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Non-Review Review: Triple 9

Triple 9 looks great.

Although it set in modern day Atlanta, director John Hillcoat seems to frame Triple 9 as a grim companion piece to The Road. Hillcoat captures the horrors of urban decay, creating a world that seems to teeter on the edge of the abyss. The camera pans through abandoned tenement buildings and lingers on graffiti; bodies are found in shopping trolleys while tinted windows serve to conceal immediate dangers. As filmed by Hillcoat and filtered through the lens of cinematographer Nicolas Karakatsanis, Atlanta seems to be composed of slums and overpasses.

Traffic stop...

Traffic stop…

From the impressive opening heist set piece, Hillcoat saturates the film with red, as if our heroes are only glimpsed through the light of hellfire. That red comes from multiple sources; a red dye pack that explodes at the worst possible moment, the boots worn by one of the characters, the lights from a police car, the fire from a distant (and somewhat anticlimactic) explosion. Triple 9 is oppressive and grim, with Hillcoat threatening to bring the world collapsing down upon his protagonists.

The problem with Triple 9 has nothing to do with Hillcoat’s aesthetic. Instead, the film suffers from a generic and unfocused script populated by characters who lack agency and identity. The main figures in Triple 9 often feel like pieces of paper caught in a breeze, moving in any given direction at the whim of the plot rather than through any essential quality of their own. Things happen not because they are organic (or even inevitable), but because they are convenient. There are points at which it seems like maybe the characters are not in hell; maybe the audience are.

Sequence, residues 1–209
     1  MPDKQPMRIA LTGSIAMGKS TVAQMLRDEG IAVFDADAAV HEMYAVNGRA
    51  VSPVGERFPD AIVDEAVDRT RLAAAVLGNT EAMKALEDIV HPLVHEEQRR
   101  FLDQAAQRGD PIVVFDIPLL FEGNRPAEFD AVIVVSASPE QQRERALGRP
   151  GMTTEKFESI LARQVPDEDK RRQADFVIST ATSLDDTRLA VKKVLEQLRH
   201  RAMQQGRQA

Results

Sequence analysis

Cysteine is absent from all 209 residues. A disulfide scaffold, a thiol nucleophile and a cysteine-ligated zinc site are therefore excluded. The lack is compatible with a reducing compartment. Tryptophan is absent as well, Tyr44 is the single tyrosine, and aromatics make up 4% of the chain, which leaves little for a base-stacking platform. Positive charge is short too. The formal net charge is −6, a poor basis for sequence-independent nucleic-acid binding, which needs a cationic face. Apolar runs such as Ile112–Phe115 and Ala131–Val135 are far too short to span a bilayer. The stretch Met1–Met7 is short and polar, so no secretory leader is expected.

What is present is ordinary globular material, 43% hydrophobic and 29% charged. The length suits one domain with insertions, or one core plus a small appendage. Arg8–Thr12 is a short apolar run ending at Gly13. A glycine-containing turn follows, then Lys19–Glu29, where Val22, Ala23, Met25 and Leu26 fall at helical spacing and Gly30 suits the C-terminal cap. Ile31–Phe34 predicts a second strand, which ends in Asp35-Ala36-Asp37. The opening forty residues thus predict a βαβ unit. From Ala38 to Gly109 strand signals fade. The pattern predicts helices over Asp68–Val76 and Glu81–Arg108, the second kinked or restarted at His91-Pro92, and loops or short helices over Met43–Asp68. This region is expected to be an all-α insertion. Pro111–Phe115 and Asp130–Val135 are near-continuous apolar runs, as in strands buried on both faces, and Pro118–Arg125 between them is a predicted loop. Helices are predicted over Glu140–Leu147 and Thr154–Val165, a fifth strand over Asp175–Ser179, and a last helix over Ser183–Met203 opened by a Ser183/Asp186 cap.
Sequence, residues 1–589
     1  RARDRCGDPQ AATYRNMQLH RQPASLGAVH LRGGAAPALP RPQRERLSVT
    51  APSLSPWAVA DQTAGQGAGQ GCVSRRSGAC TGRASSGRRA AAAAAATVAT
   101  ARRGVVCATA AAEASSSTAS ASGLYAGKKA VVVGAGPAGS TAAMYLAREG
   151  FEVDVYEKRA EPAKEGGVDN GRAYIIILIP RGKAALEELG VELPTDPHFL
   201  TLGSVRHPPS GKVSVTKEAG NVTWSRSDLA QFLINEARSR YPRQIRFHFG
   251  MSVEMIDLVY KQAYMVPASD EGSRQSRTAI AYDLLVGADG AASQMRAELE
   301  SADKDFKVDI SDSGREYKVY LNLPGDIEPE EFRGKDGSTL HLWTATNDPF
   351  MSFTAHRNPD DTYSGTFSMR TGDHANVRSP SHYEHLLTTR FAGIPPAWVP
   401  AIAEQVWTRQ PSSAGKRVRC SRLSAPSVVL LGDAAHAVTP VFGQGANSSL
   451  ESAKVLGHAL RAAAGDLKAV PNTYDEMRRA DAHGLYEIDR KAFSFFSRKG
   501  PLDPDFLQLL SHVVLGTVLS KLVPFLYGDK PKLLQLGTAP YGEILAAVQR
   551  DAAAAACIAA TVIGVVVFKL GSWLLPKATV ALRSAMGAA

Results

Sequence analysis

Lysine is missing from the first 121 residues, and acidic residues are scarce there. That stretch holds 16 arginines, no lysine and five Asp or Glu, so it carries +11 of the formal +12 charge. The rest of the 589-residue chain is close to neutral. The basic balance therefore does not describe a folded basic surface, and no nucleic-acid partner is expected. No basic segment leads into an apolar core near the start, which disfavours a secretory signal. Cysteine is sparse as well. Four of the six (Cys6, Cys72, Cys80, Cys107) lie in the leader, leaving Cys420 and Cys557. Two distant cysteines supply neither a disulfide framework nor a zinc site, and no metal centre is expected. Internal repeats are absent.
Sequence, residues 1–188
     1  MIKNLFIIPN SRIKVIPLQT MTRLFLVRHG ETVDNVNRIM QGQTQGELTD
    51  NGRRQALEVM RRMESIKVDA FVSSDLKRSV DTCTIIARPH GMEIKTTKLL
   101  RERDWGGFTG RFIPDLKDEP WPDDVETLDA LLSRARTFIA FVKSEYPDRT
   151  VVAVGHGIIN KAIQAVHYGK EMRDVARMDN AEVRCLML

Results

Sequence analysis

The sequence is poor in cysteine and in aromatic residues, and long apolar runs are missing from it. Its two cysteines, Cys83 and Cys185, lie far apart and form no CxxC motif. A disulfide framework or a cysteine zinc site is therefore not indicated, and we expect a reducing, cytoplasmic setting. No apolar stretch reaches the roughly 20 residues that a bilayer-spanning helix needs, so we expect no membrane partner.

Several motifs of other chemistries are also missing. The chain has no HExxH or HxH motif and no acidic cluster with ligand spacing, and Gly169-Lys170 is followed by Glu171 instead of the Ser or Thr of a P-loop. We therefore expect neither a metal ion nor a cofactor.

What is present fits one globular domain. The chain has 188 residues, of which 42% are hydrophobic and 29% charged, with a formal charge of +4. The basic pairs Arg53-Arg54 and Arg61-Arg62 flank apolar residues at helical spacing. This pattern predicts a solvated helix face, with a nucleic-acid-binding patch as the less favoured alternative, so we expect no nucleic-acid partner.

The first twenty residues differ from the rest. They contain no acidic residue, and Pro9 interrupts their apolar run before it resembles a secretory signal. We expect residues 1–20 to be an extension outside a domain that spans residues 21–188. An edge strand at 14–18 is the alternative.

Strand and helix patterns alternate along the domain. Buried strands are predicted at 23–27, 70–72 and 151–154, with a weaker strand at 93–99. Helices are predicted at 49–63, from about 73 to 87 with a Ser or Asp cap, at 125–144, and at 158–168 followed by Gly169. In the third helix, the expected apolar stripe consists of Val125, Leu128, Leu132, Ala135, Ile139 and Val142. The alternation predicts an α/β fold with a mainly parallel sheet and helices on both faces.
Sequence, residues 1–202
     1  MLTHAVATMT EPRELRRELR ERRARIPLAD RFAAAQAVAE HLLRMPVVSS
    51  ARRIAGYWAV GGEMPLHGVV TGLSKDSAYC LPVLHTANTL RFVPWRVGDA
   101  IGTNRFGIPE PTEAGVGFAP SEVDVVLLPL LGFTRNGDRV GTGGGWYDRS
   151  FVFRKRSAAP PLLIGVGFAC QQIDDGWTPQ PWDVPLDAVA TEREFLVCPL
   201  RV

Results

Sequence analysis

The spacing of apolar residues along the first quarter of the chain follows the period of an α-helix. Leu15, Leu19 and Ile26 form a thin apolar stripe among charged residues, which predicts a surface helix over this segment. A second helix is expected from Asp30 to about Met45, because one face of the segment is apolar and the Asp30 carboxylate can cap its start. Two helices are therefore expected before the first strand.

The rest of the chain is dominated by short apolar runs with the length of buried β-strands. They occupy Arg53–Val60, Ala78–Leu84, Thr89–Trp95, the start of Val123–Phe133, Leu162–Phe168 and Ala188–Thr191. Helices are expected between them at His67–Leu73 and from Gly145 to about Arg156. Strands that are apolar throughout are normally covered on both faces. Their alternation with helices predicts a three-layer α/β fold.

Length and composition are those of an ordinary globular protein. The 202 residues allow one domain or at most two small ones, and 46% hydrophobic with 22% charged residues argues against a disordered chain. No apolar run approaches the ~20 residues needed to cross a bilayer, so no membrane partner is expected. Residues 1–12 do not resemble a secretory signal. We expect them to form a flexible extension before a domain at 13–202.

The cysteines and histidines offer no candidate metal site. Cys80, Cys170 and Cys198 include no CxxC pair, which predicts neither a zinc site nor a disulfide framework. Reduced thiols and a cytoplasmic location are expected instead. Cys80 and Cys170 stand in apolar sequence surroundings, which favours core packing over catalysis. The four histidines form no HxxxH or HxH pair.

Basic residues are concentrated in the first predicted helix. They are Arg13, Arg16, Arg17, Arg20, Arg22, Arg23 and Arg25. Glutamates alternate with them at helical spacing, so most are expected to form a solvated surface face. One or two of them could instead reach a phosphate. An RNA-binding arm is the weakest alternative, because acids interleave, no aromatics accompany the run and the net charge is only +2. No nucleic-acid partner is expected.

Married to the mob...

Married to the mob…

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Non-Review Review: Lawless

Lawless is, like director John Hillcoat’s other films, the story of people shaped (or mirrored) by their harsh and unforgiving surroundings. A prohibition crime thriller, Lawless feels more like the story of local people fighting fiercely to resist the taming influence of more “civilised” outsiders who believe themselves inherently superior to the “dumb hicks” who have made this terrain livable. “It is not the violence that sets men apart, it’s the distance they’re willing to go,” Forrest Bondurant tells his brother at one point in the film, and Lawless seems to respect its lead characters for refusing to feign civility and to at least acknowledge the innate violence of their existence. It’s thoughtful, powerful stuff. Not without its flaws, it’s still an interesting exploration of man’s capacity for violence.

Sadly, though undoubtedly quite sage, this Forrest never once suggests that “life is like a box of chocolates…”

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Non-Review Review: The Road

Fire is a recurring image in the work of Cormac McCarthy. Particularly the notion of a generational line “carrying the fire” and being the good guys. There’s a moment at the end of No Country For Old Men, another adaptation of McCarthy’s work, where the tired sheriff played by Tommy Lee Jones shares a weird dream he’s been having with his wife, where he finds himself walking down a long road, and he passes his father – who is carrying a torch. It’s a powerful image, which really cuts to the heart of the piece. For those wondering what that road and that torch may actually look like… well, there’s this.

The Road less traveled...

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